THIS POST MAY CONTAIN AFFILIATE LINKS. PLEASE READ MY DISCLOSURE FOR MORE INFO.
My paternal grandma is turning 95 this November. She has had tickets to the Washington Redskins since the early 1960s, when she and my Pop Pop moved to the DC area from Brooklyn. They would go to games every Sunday.
When my Pop Pop passed away in the early 1990s, my grandma kept the tickets and continued going to the games. She loved every moment. Each week during the season, we’d converse about the Redskins game and how we thought they’d do the following week. She is a diehard Redskins fan through and through.
Bleeding Burgundy and Gold
My love for the Redskins obviously came from her. I, too, loved going to the games. The fact that they won two Super Bowls when I was growing up also probably helped grow my love for them. Still to this day, the Redskins are my #1 sports team, as painful as it is for me to admit this at this point.
Recently, my grandma and I had lunch together. She shared that she was going to give the tickets up because she no longer wanted to go to the games.
She indicated that the games weren’t as much fun now that she was older. Between climbing countless stairs to the deteriorating general atmosphere, she thought that the experience had tanked. Plus, she can’t stand the current owner, Daniel Snyder, and president, Bruce Allen, of the team. Since Snyder bought the team in 1999, the Redskins have been one of the worst performing franchises.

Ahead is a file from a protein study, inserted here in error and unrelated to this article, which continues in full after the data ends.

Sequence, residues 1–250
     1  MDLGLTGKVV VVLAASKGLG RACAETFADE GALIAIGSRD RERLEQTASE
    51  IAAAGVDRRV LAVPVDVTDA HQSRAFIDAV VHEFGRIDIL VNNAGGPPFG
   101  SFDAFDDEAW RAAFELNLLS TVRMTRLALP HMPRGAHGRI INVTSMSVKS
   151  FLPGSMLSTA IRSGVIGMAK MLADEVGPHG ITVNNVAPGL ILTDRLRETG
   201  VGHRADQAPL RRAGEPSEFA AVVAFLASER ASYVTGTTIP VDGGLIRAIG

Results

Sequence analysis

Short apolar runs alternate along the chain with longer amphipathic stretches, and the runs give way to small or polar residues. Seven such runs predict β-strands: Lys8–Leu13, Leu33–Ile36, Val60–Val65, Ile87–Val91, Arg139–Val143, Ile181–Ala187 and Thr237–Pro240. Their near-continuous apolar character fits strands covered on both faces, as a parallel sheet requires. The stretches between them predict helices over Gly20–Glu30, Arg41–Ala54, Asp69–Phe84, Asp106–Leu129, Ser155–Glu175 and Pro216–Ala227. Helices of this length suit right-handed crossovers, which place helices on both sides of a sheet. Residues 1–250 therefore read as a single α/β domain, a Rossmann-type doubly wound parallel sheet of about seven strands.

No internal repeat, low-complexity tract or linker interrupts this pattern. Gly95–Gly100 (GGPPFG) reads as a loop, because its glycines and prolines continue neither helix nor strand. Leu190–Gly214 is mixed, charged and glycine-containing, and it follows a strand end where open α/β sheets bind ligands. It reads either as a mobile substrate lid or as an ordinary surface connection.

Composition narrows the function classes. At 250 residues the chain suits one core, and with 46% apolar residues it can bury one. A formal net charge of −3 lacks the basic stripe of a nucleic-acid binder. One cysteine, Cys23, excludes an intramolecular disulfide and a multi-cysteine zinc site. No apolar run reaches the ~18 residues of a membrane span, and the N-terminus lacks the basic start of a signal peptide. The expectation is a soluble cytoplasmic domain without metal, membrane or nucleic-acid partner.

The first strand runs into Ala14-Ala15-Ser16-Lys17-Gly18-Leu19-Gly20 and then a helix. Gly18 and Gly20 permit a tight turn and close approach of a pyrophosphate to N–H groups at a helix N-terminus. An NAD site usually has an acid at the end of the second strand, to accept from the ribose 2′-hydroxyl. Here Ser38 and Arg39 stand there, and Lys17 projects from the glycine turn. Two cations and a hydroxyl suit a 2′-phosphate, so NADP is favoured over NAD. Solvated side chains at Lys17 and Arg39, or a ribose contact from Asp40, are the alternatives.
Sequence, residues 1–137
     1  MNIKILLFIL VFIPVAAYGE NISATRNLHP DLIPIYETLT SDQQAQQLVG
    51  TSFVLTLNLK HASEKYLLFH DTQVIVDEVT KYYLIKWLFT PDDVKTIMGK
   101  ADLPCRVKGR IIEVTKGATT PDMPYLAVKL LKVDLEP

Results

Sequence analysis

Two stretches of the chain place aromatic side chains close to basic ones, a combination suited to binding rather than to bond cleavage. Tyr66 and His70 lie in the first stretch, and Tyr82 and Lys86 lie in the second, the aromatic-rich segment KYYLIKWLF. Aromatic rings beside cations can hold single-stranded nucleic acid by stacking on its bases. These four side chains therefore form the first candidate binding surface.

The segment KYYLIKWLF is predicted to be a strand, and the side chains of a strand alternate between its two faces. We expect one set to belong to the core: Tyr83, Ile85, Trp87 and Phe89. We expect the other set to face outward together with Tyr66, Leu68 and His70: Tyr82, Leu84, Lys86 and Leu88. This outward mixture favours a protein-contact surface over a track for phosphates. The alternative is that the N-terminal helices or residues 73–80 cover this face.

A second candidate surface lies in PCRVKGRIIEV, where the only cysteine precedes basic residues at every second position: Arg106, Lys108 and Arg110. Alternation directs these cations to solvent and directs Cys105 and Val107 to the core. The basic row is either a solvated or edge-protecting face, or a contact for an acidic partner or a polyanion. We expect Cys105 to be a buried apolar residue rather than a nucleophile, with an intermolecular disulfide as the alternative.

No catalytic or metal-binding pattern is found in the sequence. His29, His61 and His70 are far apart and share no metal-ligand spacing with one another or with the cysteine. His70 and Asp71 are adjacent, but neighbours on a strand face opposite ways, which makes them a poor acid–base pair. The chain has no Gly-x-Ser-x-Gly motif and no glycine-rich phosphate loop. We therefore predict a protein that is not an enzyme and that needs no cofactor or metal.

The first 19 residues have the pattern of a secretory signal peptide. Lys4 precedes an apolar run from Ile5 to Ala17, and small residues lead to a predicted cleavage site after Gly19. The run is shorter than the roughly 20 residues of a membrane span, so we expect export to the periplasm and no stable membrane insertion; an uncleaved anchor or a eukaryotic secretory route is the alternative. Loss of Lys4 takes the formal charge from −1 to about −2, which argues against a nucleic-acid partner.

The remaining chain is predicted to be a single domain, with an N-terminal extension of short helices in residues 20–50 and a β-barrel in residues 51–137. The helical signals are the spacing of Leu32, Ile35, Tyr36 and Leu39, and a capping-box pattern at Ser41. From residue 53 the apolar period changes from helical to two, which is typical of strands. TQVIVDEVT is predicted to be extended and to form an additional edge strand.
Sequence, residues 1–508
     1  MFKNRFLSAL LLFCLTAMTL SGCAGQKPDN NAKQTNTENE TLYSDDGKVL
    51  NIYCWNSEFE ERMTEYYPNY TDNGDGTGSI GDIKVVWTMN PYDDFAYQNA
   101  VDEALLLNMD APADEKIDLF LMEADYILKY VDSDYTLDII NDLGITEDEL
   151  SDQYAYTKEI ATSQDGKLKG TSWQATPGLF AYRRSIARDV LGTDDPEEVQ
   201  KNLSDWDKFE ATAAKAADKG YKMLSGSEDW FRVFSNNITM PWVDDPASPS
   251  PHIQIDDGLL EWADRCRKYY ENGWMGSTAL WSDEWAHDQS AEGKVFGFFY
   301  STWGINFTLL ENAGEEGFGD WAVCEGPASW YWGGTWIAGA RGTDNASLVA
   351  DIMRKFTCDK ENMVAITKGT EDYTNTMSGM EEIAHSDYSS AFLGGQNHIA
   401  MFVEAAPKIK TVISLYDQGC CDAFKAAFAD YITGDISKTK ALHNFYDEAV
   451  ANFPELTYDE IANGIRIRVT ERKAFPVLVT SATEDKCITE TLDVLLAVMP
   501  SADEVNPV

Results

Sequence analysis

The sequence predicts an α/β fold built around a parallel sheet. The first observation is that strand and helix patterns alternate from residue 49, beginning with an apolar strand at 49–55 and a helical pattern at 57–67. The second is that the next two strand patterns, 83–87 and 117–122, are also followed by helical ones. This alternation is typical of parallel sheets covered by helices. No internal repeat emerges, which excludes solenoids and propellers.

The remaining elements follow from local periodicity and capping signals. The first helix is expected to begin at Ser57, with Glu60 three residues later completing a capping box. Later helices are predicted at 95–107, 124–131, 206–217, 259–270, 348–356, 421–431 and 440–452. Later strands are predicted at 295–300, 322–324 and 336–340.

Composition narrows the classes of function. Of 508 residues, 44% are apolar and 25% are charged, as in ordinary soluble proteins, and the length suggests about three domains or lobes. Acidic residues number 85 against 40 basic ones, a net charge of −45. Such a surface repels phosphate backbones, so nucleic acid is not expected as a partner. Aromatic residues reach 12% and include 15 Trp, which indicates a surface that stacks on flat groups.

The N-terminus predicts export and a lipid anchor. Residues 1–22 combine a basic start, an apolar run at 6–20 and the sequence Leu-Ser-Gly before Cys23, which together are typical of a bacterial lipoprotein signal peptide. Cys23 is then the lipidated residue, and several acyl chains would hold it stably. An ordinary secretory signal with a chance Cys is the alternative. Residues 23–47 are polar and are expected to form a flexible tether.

So, she asked me if I was interested in purchasing the tickets.
Redskins Football Experience
Honestly, I haven’t been to a Redskins football game since 2004. The Redskins have an awful stadium experience at FedEx Field, in my opinion. They built the stadium far from the Metro to maximize parking revenue, they have horribly overpriced concessions, and since the team has stunk for so long, most of the fans sell their tickets to the opposing team. So it feels like I’m in a visitor in our home stadium. Oh, I forgot to mention the number of belligerent drunk fans at the games who love a good brawl.
This is all in contrast to the Redskins experience at RFK stadium years ago. The Redskins were incredible in the 1980s and early 1990s. The stadium would sway from people jumping up and down and banging on the seats in the stadium. I remember as a little kid thinking that the stadium was going to collapse at any moment as a result. Needless to say, it was always a loud, fun atmosphere. I may have been too young, but I just don’t remember drunk people causing disturbances. Plus, we could also ride the Metro to and from the stadium, which made it very convenient.
I still remember the highlight each summer was when I found out which game I would attend. I was the cool kid in school that got to go to the premiere games. Going to a rivalry game against the Dallas Cowboys always made me a big deal. I remember kids asking me what it is was like in the stadium and how lucky I was. I definitely felt like the big man on campus at times. Those were the days.